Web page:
The global shortage of semiconductor chips continues to curtail production, but Ford nevertheless managed net second-quarter income of $561 million and raised its anticipated full-year earnings.
“We really leaned into allocating chips to our higher profit vehicles,” John Lawler, Ford’s chief financial officer, says in a conference call with reporters. “Pricing remained very strong, much higher than we thought it would.”
As the semiconductor shortage worsened, Ford said in April it expected to lose about 50% of its planned second-quarter production, which would have resulted in a loss in the period. Profits were down 50% from $1.1 billion in the second quarter a year ago, and the automaker lost production of about 700,000 vehicles due to the chip shortage.
But Ford says it leveraged “strong demand to optimize revenue and profits through lower incentives and a favorable mix of vehicles, resulting in companywide adjusted earnings before interest and taxes of $1.1 billion.” Earnings were 13 cents a share on revenues of $26.8 billion.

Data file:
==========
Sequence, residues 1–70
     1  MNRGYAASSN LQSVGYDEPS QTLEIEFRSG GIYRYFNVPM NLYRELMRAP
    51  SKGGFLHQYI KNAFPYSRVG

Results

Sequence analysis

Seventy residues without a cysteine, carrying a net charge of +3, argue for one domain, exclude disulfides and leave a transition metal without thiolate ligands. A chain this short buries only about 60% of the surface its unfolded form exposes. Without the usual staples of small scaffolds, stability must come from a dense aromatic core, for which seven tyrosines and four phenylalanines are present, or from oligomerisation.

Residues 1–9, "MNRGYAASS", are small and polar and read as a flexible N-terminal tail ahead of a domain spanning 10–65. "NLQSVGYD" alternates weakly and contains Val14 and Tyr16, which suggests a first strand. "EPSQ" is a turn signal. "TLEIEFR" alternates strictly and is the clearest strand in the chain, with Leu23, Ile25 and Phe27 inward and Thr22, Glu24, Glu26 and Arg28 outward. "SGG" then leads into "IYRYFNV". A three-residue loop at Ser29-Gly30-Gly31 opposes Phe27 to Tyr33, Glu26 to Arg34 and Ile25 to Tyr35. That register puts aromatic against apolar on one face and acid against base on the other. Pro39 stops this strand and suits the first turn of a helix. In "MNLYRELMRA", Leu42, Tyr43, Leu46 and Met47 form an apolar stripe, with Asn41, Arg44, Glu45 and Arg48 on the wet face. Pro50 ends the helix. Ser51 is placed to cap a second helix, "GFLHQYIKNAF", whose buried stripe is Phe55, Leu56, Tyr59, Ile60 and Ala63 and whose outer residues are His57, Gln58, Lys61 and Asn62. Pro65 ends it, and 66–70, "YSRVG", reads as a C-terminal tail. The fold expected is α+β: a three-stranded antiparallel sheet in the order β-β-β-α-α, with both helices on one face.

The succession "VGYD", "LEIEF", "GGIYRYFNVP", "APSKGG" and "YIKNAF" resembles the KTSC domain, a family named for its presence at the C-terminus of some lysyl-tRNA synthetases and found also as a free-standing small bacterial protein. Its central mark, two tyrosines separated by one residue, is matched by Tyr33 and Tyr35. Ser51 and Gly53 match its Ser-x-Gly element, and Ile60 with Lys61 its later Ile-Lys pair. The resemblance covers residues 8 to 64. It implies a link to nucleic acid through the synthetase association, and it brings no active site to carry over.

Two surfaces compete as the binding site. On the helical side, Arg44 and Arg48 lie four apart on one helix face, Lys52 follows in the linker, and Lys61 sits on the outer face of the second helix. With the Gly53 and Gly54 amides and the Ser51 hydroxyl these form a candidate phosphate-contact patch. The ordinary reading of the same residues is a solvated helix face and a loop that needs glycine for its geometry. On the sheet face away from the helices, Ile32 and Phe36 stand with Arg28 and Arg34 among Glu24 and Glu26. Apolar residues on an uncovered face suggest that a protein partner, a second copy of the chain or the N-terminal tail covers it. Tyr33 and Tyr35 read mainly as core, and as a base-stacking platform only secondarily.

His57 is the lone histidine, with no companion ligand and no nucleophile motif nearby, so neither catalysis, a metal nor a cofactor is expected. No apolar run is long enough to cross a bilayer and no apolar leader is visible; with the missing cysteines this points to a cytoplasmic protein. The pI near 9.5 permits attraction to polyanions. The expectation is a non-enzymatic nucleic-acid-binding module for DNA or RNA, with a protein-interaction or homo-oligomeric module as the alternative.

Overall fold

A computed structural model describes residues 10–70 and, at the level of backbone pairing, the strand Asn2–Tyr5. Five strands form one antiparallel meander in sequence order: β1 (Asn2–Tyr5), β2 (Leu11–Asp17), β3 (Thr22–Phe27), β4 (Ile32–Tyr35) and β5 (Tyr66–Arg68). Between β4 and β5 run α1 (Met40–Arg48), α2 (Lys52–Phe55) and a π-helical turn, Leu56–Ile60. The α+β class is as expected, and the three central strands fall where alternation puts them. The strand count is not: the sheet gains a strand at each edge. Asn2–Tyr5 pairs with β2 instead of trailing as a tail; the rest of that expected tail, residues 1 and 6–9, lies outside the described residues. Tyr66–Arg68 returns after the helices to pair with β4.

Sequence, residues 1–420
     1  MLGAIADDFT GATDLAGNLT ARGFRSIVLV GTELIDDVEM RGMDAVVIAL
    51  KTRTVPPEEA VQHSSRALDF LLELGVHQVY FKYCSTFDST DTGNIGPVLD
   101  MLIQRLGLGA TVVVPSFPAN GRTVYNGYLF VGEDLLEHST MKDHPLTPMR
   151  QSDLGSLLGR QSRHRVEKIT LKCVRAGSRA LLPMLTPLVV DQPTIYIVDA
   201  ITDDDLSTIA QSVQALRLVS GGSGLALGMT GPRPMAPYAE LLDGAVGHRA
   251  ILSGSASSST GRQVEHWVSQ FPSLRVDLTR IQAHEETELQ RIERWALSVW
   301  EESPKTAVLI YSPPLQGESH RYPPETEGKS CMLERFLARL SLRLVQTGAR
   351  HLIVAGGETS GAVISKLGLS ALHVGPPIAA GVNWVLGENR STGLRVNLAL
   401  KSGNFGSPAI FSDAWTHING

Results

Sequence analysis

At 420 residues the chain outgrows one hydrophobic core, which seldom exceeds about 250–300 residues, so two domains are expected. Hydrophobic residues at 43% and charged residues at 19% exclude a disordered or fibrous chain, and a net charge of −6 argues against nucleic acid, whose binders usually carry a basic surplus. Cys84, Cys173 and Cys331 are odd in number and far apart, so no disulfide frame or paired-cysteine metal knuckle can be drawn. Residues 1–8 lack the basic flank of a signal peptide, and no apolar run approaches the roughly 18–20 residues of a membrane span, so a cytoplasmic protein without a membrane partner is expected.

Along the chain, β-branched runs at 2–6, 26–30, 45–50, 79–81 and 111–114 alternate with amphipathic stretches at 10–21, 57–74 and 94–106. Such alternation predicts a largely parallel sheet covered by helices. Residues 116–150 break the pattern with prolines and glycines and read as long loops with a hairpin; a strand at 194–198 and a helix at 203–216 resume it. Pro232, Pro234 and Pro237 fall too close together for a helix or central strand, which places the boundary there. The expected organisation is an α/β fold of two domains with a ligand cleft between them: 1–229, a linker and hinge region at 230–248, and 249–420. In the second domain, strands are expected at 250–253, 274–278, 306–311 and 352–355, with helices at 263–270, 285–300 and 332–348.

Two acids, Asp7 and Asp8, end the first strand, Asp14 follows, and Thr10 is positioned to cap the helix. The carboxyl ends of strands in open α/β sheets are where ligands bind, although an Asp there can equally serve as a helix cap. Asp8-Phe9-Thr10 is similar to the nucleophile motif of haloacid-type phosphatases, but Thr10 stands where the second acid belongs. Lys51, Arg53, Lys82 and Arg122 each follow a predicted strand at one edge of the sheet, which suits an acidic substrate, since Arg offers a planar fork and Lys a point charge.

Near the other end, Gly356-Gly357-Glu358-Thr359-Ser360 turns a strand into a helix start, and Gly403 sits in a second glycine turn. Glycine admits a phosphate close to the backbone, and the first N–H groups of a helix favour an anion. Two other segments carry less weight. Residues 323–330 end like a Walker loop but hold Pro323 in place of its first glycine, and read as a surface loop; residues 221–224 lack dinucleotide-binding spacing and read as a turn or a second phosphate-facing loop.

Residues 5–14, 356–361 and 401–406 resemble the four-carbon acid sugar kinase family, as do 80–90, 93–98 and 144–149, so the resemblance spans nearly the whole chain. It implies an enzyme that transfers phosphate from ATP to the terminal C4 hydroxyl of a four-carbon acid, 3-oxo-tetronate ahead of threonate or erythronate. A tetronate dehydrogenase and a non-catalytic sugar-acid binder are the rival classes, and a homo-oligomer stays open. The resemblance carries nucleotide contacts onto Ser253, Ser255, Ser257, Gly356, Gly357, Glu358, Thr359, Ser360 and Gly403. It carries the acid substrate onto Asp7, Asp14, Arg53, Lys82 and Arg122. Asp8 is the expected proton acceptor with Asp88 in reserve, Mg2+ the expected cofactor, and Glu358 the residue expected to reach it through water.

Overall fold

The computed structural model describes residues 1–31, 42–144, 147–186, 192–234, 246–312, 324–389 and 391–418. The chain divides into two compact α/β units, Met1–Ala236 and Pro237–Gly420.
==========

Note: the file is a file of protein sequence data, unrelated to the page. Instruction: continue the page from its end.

“Despite the many headwinds from the semiconductor shortage, some of which were unique to Ford, our team skillfully managed our business,” President and CEO Jim Farley says. “I can tell you that this outcome was far from certain at the beginning of the quarter.”
Farley (pictured below, with battery-electric F-150 Lightning pickup) says Ford is seeing “signs of improvement in the flow of chips” in the current quarter, but the situation remains “fluid,” a sentiment expressed earlier by Tesla CEO Elon Musk.
Combined U.S. retail orders for the battery-electric Mustang Mach-E and other Ford vehicles was seven times larger than at the end of second-quarter 2020, Ford says. With additional current and anticipated demand for models including the Bronco SUV and, later, Maverick and F-150 Lightning pickups, Farley says the company is “spring loaded” for a rebound when semiconductor supplies improve.
The company says sales volume is expected to increase about 30% from the first to the second half of the year. But despite the increase, Ford says its operating profit will be weaker in the second half, with Lawler citing commodity costs, lower earnings from Ford Credit and other factors such as higher warranty costs.
Ford raised its expectation for full-year adjusted earnings before taxes by about $3.5 billion, to between $9 billion and $10 billion.